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<h1>Brian Deese</h1>
<strong>Deputy director, National Economic Council</strong>

Never mind that the success of Deese's first White House project -- the auto industry bailout -- could give President Obama's reelection campaign a critical edge in the industrial Midwest. With the economic recovery still sputtering, he's focused on helping the President create jobs and provide relief. Congressional gridlock makes progress tough, so the Belmont, Mass., native counts wins in smaller increments, pointing to efforts his team has designed: a $4 billion public-private partnership to retrofit commercial buildings, for example, or a streamlined mortgage-refinancing program that's kept a half-million people in their homes this year. "The cumulative impact of doing a lot of things like that can matter," Deese says, though he believes the remaining challenges require much bigger solutions—and more cooperation in Washington to get them done. 

<strong>Networking tip: </strong>Ask real, difficult questions. People appreciate that more than small talk. 

<em>--Tory Newmyer</em><h1>Brian Deese</h1>
<strong>Deputy director, National Economic Council</strong>

Never mind that the success of Deese's first White House project -- the auto industry bailout -- could give President Obama's reelection campaign a critical edge in the industrial Midwest. With the economic recovery still sputtering, he's focused on helping the President create jobs and provide relief. Congressional gridlock makes progress tough, so the Belmont, Mass., native counts wins in smaller increments, pointing to efforts his team has designed: a $4 billion public-private partnership to retrofit commercial buildings, for example, or a streamlined mortgage-refinancing program that's kept a half-million people in their homes this year. "The cumulative impact of doing a lot of things like that can matter," Deese says, though he believes the remaining challenges require much bigger solutions—and more cooperation in Washington to get them done. 

<strong>Networking tip: </strong>Ask real, difficult questions. People appreciate that more than small talk. 

<em>--Tory Newmyer</em>
<h1>Brian Deese</h1> <strong>Deputy director, National Economic Council</strong> Never mind that the success of Deese's first White House project -- the auto industry bailout -- could give President Obama's reelection campaign a critical edge in the industrial Midwest. With the economic recovery still sputtering, he's focused on helping the President create jobs and provide relief. Congressional gridlock makes progress tough, so the Belmont, Mass., native counts wins in smaller increments, pointing to efforts his team has designed: a $4 billion public-private partnership to retrofit commercial buildings, for example, or a streamlined mortgage-refinancing program that's kept a half-million people in their homes this year. "The cumulative impact of doing a lot of things like that can matter," Deese says, though he believes the remaining challenges require much bigger solutions—and more cooperation in Washington to get them done. <strong>Networking tip: </strong>Ask real, difficult questions. People appreciate that more than small talk. <em>--Tory Newmyer</em>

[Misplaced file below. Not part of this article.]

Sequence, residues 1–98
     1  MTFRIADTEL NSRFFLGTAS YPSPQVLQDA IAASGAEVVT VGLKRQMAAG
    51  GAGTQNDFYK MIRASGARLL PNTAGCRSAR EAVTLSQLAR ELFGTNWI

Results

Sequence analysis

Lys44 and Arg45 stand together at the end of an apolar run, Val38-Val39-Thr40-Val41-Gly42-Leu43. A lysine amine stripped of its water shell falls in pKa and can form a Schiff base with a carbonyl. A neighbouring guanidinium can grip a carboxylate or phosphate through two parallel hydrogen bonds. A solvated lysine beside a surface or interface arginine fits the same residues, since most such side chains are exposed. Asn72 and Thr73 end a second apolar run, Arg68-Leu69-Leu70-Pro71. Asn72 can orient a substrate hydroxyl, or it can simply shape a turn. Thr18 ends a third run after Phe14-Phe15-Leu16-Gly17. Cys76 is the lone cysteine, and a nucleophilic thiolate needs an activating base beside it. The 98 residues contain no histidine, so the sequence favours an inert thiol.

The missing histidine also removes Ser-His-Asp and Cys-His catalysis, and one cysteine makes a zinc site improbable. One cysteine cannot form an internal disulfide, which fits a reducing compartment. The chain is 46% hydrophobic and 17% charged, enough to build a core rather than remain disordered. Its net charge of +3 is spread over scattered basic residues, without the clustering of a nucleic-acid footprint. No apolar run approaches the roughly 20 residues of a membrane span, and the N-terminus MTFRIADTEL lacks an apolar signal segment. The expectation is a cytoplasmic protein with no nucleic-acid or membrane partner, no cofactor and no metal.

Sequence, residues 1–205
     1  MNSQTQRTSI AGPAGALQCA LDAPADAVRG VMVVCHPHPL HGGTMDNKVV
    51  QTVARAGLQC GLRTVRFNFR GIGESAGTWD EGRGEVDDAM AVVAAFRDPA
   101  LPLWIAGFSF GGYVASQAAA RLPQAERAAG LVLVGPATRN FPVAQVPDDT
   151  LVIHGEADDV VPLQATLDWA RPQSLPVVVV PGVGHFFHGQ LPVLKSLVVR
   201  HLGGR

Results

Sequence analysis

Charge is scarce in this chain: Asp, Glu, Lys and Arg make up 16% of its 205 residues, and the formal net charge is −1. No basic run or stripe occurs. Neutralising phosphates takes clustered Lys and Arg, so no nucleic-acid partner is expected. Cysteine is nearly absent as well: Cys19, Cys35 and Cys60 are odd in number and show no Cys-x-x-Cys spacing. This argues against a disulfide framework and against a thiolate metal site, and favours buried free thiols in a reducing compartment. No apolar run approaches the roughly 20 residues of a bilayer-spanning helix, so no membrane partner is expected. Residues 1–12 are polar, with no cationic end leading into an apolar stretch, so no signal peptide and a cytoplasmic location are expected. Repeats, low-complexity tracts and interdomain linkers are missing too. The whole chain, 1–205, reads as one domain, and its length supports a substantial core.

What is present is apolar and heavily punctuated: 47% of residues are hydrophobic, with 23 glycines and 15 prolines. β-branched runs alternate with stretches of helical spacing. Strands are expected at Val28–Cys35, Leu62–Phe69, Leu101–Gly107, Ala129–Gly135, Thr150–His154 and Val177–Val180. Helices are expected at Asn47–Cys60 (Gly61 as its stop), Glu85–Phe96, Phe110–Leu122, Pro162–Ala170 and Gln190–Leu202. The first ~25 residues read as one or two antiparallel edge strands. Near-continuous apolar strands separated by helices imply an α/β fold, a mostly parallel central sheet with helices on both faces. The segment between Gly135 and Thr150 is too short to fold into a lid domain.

<h1>Brian Deese</h1> <strong>Deputy director, National Economic Council</strong> Never mind that the success of Deese's first White House project -- the auto industry bailout -- could give President Obama's reelection campaign a critical edge in the industrial Midwest. With the economic recovery still sputtering, he's focused on helping the President create jobs and provide relief. Congressional gridlock makes progress tough, so the Belmont, Mass., native counts wins in smaller increments, pointing to efforts his team has designed: a $4 billion public-private partnership to retrofit commercial buildings, for example, or a streamlined mortgage-refinancing program that's kept a half-million people in their homes this year. "The cumulative impact of doing a lot of things like that can matter," Deese says, though he believes the remaining challenges require much bigger solutions—and more cooperation in Washington to get them done. <strong>Networking tip: </strong>Ask real, difficult questions. People appreciate that more than small talk. <em>--Tory Newmyer</em>
  • Age
    34
  • Title
    Deputy director
  • Company
    National Economic Council

Never mind that the success of Deese’s first White House project — the auto industry bailout — could give President Obama’s reelection campaign a critical edge in the industrial Midwest. With the economic recovery still sputtering, he’s focused on helping the President create jobs and provide relief. Congressional gridlock makes progress tough, so the Belmont, Mass., native counts wins in smaller increments, pointing to efforts his team has designed: a $4 billion public-private partnership to retrofit commercial buildings, for example, or a streamlined mortgage-refinancing program that’s kept a half-million people in their homes this year. “The cumulative impact of doing a lot of things like that can matter,” Deese says, though he believes the remaining challenges require much bigger solutions — and more cooperation in Washington to get them done. Networking tip: Ask real, difficult questions. People appreciate that more than small talk. –Tory Newmyer

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